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Patterns of Jazz

Reproduce the cacophony of jazz in a visual portrait of a musician from shapes using collage, crayon resist and watercolor techniques.

  • Grade 4
    Grade 5
    Grade 6
  • Multiple Lesson Periods
  • Directions

    1. Talk about what shapes music: notes, chords, rhythm, melody, riffs, and vamps to name a few. Acknowledge that the students are well-versed in pop music but ask how many are familiar with the style of music called jazz. Share jazz’s history and its place in our history as a truly American style of music.
    2. Challenge the students to design portraits of a jazz musician without a pencil; draw shapes with scissors. Think about the shapes that make up our bodies: head-circle, arms-arcs, torso-block, legs-triangles. Next, look closer at people’s features to break these down into smaller shapes: eyes, hair, cheeks, lips and more.
    3. Provide the students with pieces of brightly colored card stock and printed paper like wrapping paper or wallpaper. Have them cut out their shapes using Crayola® Pointed Tip Scissors and then assemble them on a piece of large craft paper cut from a roll. Once they are satisfied with their portraits, they may glue the pieces to the craft paper shape using Crayola® No-Drip School Glue and Crayola® Glue Sticks.
    4. Talk about how sounds and notes are layered in jazz to create an improvised tapestry. Now encourage students to add more layers to their creation using Crayola® Crayons and Crayola® Watercolors. Demonstrate how to make a crayon resist design by first drawing with the waxy crayons and then covering the crayon with a watercolor wash.
    5. To animate their portraits with energy, provide students with Crayola Glitter Glue for highlighting movement on their figures.
    6. Display these portraits on a bulletin board in the classroom, hall or library.
  • Standards

    LA: Engage effectively in a range of collaborative discussions (one-on-one, in groups, and teacher-led) with diverse partners on grade level topics and texts, building on others’ ideas and expressing their own clearly.

    MATH: Reason with shapes and their attributes.

    SS: Describe ways in which language, stories, folktales, music, and artistic creations serve as expressions of culture and influence behavior of people living in a particular culture.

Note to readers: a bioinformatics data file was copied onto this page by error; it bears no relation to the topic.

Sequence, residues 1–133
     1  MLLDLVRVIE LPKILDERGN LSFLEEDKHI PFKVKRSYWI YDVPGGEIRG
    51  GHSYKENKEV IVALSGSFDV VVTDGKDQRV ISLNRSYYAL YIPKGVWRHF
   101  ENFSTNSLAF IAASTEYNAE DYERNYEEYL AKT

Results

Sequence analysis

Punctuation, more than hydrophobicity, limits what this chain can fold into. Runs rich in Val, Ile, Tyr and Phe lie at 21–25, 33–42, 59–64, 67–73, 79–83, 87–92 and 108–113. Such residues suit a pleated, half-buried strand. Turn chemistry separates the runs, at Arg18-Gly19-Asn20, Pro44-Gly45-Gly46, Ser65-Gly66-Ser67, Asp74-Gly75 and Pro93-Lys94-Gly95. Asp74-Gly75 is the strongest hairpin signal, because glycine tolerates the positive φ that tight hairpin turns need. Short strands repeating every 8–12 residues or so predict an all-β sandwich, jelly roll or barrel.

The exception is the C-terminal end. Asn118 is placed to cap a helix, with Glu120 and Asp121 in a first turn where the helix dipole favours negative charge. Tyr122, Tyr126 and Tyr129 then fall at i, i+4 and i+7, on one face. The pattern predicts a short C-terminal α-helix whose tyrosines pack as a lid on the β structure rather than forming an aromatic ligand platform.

SS: give examples of and explain group and institutional influences such as religious beliefs, laws, and peer pressure, on people, events, and elements of culture.

    VA: Students will use a variety of methods for preparing their artwork and the work of others for presentation.

    VA: Students will demonstrate that art communicates meaning through sharing their work and the work of others.

    VA: Art communicates about and helps viewers understand the natural and constructed world.

  • Adaptations

    Provide listening sessions for your class. Introduce the various styles of jazz like Dixieland, Swing, Bop, Cool, Latin and Fusion. Encourage the children to pick the style that best suits their musician portrait.

    An important component to jazz is improvisation; musicians listening and responding to the other players. Artist Romare Bearden (1911-1988), famous for his collages (many of them of jazz musicians in clubs) loved jazz. He would recapture many of his musical experiences in a work of art. Ask your students if they think improvisation would work with visual arts. Do they think it could be a group effort of one artist responding to another to create a new work of art? Or do they see visual arts as a solitary occupation. Try to make an improvised work of art together.

    Assign biographies of some of the well-known jazz musicians. Request that each student support their artist’s place in the Jazz Musicians Hall of Fame.

    Name and count the number of shapes found in each portrait. See who has the most in number and the most in variety of shapes.


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  • Creativity.
  • Capacity.
  • Collaboration.
  • Change.
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